I expect this year’s freshman class to be extraordinarily large. If the volume of calls and emails are indicators, there will be a significant number of new riders, accompanied by many returning after being away for a decade or more. That’s 9000-rpm music to the ears.
Snowmobiling Not Inexpensive
The newbies have plenty of questions, with “How much does a snowmobile cost?” taking the pole position. I suppose the most realistic response would be “How long is a piece of string?”
Snowmobiling is not an inexpensive recreation although if you are resourceful you can ride on the cheap. Buying used gear and skinning your knuckles in the garage make it affordable but it’s an investment either way.
Purchasing isn’t always cost effective. If you only ride once or twice a year, renting is viable. I’ve rented multiple times when the trailering math was backwards.
Surprising Cause of Snowmobile Accidents
Within the January/February issue of the Sno-Traveler are large chunks of solid advice from our team of trail experts. Captain Walsh of NH Fish and Game shares a truly mind-bending statistic. While there are only 318 rentals sleds in the whole dang state, they account for over 30% of all accidents in NH.
Obviously, those units rack up a ton of miles and are often piloted by inexperienced riders. Sadly, a negative experience could scare someone away forever, which is so preventable, as the captain points out.
Common Sense on the Trails
This reinforces a point I often shout from atop my soapbox to non-snowmobiling friends and strangers alike. Snowmobiling isn’t easy. It’s a rider-active sport. More downhill ski swooshing than traffic trundling in an SUV. But anyone can do it with minimal assistance and advice.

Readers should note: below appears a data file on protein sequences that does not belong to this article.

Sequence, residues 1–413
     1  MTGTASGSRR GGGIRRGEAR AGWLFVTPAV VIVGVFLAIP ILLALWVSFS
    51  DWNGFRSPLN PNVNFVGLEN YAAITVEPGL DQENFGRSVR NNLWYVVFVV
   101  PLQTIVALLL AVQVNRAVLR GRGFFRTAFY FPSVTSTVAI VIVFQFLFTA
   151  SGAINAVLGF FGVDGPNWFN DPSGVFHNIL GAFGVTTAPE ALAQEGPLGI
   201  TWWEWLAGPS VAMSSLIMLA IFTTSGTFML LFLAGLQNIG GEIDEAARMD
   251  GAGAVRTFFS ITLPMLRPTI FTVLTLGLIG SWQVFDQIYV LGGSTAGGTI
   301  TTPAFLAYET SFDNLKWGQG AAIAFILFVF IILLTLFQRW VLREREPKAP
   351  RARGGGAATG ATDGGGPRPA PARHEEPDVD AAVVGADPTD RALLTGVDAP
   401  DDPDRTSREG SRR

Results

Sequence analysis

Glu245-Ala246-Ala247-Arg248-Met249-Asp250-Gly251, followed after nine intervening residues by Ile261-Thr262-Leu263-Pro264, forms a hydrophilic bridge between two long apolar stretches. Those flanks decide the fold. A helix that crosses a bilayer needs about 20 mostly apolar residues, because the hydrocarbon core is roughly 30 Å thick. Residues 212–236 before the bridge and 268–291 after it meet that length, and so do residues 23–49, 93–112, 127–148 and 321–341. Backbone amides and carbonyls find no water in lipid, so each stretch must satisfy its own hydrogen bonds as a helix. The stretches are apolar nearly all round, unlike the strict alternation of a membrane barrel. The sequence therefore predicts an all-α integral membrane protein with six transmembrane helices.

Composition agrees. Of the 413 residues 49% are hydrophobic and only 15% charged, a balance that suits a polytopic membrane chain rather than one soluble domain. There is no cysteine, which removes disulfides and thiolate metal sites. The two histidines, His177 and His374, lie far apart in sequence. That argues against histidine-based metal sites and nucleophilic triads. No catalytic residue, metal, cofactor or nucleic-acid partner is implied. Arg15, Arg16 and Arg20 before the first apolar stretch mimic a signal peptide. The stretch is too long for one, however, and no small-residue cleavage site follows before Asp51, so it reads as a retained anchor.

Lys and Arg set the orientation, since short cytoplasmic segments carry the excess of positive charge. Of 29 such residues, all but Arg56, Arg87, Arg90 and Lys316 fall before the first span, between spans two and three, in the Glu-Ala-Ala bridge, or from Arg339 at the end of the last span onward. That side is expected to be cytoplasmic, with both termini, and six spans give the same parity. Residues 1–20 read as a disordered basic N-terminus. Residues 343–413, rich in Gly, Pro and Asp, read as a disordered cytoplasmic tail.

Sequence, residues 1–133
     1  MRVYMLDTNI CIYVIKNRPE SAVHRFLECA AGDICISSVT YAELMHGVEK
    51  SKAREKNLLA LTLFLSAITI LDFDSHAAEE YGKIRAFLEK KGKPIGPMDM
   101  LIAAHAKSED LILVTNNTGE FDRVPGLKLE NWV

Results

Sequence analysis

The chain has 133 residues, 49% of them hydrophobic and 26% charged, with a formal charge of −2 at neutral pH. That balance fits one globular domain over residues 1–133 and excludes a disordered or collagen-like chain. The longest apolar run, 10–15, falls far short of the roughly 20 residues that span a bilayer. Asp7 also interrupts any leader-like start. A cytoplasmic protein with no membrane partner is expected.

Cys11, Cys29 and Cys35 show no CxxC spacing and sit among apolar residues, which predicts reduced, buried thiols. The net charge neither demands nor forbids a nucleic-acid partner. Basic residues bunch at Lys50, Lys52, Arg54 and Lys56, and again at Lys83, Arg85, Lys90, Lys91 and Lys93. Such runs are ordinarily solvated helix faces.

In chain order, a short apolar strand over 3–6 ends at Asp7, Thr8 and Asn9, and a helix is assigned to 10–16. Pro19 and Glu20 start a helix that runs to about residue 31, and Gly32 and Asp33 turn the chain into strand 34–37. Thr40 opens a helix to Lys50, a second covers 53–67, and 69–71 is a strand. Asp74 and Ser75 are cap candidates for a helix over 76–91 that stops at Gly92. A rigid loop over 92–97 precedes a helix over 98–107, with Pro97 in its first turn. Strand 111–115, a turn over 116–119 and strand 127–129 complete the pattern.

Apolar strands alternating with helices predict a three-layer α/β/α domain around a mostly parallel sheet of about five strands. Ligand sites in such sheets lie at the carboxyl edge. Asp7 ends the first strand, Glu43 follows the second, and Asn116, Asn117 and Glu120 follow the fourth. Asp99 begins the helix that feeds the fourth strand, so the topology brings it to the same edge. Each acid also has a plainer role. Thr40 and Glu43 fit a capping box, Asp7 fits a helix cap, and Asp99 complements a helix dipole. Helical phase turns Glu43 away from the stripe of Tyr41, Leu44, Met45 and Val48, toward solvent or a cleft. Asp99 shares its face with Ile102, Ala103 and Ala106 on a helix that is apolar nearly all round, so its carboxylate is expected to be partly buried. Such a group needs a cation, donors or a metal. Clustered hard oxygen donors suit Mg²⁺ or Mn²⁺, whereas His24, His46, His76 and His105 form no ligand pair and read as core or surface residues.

I would no sooner strap a set of Rossignols on my mom and push her over the edge of Tuckerman’s Ravine than I would sit her on a sled and pull the rip cord. You gotta institute some common sense.
Chief Gamache explains why humans should avoid physical contact with those flashing fluorescent-colored hippos that graze the trails. Mr. Etchells goes one further, claiming that hovering aircraft have been known to block trails.
I’ll add that I’ve seen far too many people parked in the middle of said trails, chatting about the wedding of Miley Cyrus or something equally vital. Again, use trail sense with a touch of street smarts.
The Real Cost of Snowmobiling
One little understood aspect of snowmobiling is the cost of grooming. Imagine if you could buy a single-day lift ticket and then ski allseason at any resort in the state at no additional cost. Crazy talk, right?
Well, that’s essentially what you get with a snowmobile registration. It costs about the same as a single-day on the slopes but allows VIP access to 7,000 miles of trails anywhere in NH. For the whole year! That’s the best deal on snow, and you can thank a tiny number of club volunteers who make it a reality.
Problem is, registration dollars no longer cover the costs of making smooth trails. What’s a volunteer to do if they don’t have enough cash to fill the groomer with fuel? That’s the question that snowmobilers face today.
The answer is obvious. We all need to pitch in and make life easier for the club volunteers to maintain the trails we love so much. It’s the least we can do.
Photos: Jason Balint and Dan Gould